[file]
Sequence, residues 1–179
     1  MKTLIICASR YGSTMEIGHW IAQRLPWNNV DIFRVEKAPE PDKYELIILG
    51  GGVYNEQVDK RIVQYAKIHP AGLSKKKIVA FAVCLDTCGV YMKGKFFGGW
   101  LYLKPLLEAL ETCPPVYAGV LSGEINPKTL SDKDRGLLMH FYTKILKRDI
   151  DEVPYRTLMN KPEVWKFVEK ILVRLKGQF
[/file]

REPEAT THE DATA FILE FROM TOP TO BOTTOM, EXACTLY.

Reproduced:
Sequence, residues 1–179
     1  MKTLIICASR YGSTMEIGHW IAQRLPWNNV DIFRVEKAPE PDKYELIILG
    51  GGVYNEQVDK RIVQYAKIHP AGLSKKKIVA FAVCLDTCGV YMKGKFFGGW
   101  LYLKPLLEAL ETCPPVYAGV LSGEINPKTL SDKDRGLLMH FYTKILKRDI
   151  DEVPYRTLMN KPEVWKFVEK ILVRLKGQF